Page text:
This is not how we end rough sleeping: Scrap the new Immigration Rules
Blog posted by: Jennie Corbett, Wednesday, 21 April 2021.
Long-awaited guidance has shed light on the new rough sleeping Immigration Rules, but despite attempts to mitigate their worst aspects, Homeless Link remain deeply concerned about the impact they will have on vulnerable non-UK nationals and community trust in homelessness services.
Changes to the Immigration Rules published on 22 October 2020 made rough sleeping grounds for refusing or cancelling a person’s right to remain in the UK and new guidance published last week has clarified Government’s intended approach.
The message from our members has been clear and unified since October and remains true: these Rules will drive people who are already vulnerable away from the support they need and will hamper efforts to end rough sleeping. By sowing fear and distrust in services, they directly undermine the work of the homelessness sector at a time when it is - in many ways - more difficult than ever. For these reasons, we are calling for these damaging and potentially discriminatory Rules to be scrapped immediately.
We welcome the emphasis in the Guidance that the policy can only be applied when an individual refuses repeated offers of suitable support and engages in persistent anti-social behaviour. Importantly, where a person has not been offered support or exhausted their support options because of restrictions to their eligibility, for example if they have No Recourse to Public Funds (NRPF), the Guidance clarifies that the Rule should not be applied.
However, these limitations remain worryingly open to interpretation. It is unlikely to be straightforward to assess whether an appropriate support offer was made in the first place, or to understand the complex reasons - often related to past discrimination, trauma and mental health issues - that many people rough sleeping do not engage with support. Fundamentally, the policy goes against decades of good practice and learning on the trauma-informed approaches that work to support people who are sleeping rough, especially those who struggle to engage with services.
There will also be serious and damaging unintended consequences. The Rules target a wide range of people, including people who have the right to live here. While they are not intended to affect victims of modern slavery or applicants to the EU Settlement Scheme, for example, we know from past experience of similar policies that they will have knock-on effects on wider groups. The Rules risk being a new weapon in the arsenal of traffickers seeking to exploit victims of modern slavery. Information about the nuanced categories of those affected is unlikely to be understood by many on the ground, and uncertainty and distrust in services spread quickly through communities. Following the 2017 Home Office crackdown on EU nationals rough sleeping, later ruled illegal by the High Court, frontline workers have told us how fear and distrust persisted for a long time and affected their work with all migrant groups.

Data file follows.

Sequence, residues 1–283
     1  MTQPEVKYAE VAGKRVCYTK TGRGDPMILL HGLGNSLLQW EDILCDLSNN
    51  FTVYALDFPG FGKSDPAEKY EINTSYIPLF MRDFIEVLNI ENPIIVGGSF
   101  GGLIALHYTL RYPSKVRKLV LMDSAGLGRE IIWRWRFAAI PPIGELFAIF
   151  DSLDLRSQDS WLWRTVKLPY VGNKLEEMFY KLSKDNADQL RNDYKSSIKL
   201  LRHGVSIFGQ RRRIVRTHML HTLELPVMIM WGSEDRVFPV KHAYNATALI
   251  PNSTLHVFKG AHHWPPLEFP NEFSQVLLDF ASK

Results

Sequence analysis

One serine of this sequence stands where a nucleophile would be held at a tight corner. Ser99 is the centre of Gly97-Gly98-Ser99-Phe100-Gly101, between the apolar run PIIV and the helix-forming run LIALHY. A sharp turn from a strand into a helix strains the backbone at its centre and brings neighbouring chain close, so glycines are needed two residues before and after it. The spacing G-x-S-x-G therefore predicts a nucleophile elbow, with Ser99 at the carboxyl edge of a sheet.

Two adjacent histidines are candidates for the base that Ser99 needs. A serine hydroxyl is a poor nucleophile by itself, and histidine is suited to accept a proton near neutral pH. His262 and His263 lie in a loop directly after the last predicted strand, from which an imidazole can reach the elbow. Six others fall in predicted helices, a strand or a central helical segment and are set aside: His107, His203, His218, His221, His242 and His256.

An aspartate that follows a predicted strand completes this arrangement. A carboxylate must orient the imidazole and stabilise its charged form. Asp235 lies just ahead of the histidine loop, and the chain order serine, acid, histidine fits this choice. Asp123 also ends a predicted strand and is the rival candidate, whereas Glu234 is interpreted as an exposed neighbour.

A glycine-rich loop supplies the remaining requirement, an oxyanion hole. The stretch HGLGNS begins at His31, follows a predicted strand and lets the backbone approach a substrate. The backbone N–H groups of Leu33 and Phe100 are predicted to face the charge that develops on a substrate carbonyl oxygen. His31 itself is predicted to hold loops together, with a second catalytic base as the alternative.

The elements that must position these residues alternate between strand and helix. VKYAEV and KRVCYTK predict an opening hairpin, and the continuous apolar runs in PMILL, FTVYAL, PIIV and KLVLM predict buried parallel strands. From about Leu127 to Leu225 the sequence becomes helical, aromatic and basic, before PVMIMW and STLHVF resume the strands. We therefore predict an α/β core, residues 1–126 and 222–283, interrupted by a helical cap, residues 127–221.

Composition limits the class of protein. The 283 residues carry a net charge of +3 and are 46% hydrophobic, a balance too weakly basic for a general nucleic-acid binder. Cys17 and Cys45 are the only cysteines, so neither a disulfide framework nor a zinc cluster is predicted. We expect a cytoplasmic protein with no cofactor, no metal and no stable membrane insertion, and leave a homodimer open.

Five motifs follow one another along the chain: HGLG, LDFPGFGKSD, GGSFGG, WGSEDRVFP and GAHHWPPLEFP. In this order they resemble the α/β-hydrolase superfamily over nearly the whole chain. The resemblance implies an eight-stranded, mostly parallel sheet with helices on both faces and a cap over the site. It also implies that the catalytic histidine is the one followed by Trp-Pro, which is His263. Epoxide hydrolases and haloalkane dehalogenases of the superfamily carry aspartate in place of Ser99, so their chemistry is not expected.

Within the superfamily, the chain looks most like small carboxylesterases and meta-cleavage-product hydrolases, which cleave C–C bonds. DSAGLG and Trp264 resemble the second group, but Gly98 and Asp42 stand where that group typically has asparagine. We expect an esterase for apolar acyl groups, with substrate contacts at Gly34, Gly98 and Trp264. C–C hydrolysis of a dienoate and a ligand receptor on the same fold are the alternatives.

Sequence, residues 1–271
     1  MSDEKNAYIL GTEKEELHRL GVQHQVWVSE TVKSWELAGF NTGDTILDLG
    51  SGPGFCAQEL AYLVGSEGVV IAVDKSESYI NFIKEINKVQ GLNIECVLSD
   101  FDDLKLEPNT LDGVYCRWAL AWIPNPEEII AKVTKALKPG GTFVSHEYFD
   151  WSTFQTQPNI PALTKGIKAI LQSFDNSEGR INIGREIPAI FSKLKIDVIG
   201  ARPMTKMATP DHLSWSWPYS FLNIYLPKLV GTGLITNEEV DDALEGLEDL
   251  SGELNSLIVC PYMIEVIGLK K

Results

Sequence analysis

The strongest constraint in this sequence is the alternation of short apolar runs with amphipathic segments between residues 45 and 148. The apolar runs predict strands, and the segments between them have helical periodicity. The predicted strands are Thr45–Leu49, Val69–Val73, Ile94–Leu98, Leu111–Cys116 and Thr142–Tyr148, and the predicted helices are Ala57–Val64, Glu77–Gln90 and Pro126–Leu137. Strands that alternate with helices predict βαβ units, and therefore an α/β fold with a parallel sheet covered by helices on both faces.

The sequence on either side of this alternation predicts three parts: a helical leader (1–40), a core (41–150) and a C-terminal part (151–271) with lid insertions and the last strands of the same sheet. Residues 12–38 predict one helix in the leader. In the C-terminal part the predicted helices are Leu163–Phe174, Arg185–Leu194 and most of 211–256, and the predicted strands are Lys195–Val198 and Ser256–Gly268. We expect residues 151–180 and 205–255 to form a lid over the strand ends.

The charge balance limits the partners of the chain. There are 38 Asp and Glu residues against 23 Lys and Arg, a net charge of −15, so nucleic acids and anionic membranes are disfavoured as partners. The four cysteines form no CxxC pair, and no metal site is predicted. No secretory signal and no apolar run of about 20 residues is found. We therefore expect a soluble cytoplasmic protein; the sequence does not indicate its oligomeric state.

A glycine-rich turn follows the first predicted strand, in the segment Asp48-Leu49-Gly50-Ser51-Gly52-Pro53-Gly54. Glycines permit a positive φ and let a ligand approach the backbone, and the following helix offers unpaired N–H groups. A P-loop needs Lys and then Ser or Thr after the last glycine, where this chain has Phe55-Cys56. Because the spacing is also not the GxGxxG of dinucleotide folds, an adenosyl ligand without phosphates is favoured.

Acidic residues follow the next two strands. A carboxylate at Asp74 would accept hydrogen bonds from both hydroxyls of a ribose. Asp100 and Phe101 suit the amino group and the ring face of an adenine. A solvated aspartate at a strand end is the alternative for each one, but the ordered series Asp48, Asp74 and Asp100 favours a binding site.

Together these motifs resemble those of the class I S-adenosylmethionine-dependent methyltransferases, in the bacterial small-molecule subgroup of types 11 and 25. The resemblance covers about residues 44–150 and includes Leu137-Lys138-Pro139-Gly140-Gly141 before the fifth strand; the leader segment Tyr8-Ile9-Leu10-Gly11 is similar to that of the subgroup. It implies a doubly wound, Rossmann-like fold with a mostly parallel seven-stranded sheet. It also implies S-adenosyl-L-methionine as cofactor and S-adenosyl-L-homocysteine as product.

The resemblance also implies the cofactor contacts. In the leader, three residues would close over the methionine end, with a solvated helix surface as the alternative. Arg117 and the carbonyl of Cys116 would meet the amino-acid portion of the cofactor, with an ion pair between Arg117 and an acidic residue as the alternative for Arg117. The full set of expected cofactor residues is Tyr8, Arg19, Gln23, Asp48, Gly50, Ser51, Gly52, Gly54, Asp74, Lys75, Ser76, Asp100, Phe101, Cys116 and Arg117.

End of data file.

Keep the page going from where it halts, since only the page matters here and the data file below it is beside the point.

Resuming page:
Finally, providers of rough sleeping outreach services are deeply concerned and uncertain about how these Rules will affect their services. The new guidance offers little clarity about how and if commissioned and non-commissioned homelessness services will be expected to participate, nor any consideration of the inevitable implications for confidentiality and trust.
Of course, participation by Local Authorities with this policy remains entirely optional. Homeless Link will work closely with councils and our members to protect the safety and integrity of our services while these Rules remain in place.
We share Government's goal to end rough sleeping by 2024. But to do this, we need a joined-up approach across Government that is not compromised by hard-line immigration policies.
We urge Government to continue the successful approach taken with Everyone In: to prioritise public health and support-led, trauma-informed measures and to suspend NRPF restrictions while the pandemic is ongoing. In addition, we call for significant investment in independent immigration advice and employment support, as a priority, to allow non-UK nationals to end their homelessness for good and to live healthy, productive lives.
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